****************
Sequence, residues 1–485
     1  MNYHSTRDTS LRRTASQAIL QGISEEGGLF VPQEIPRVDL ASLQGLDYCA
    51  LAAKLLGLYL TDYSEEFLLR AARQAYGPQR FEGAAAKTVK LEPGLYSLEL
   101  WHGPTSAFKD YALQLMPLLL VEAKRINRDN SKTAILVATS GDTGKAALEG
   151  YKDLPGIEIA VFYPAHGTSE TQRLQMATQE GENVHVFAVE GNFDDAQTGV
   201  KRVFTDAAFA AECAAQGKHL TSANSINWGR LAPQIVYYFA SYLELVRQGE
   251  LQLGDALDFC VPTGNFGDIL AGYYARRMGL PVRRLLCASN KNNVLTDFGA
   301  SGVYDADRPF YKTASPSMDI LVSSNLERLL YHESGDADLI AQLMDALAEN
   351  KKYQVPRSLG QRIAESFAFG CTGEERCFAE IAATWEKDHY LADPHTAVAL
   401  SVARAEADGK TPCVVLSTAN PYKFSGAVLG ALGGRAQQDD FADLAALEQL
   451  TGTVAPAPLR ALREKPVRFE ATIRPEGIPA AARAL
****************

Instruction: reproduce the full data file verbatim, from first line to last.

Sequence, residues 1–485
     1  MNYHSTRDTS LRRTASQAIL QGISEEGGLF VPQEIPRVDL ASLQGLDYCA
    51  LAAKLLGLYL TDYSEEFLLR AARQAYGPQR FEGAAAKTVK LEPGLYSLEL
   101  WHGPTSAFKD YALQLMPLLL VEAKRINRDN SKTAILVATS GDTGKAALEG
   151  YKDLPGIEIA VFYPAHGTSE TQRLQMATQE GENVHVFAVE GNFDDAQTGV
   201  KRVFTDAAFA AECAAQGKHL TSANSINWGR LAPQIVYYFA SYLELVRQGE
   251  LQLGDALDFC VPTGNFGDIL AGYYARRMGL PVRRLLCASN KNNVLTDFGA
   301  SGVYDADRPF YKTASPSMDI LVSSNLERLL YHESGDADLI AQLMDALAEN
   351  KKYQVPRSLG QRIAESFAFG CTGEERCFAE IAATWEKDHY LADPHTAVAL
   401  SVARAEADGK TPCVVLSTAN PYKFSGAVLG ALGGRAQQDD FADLAALEQL
   451  TGTVAPAPLR ALREKPVRFE ATIRPEGIPA AARAL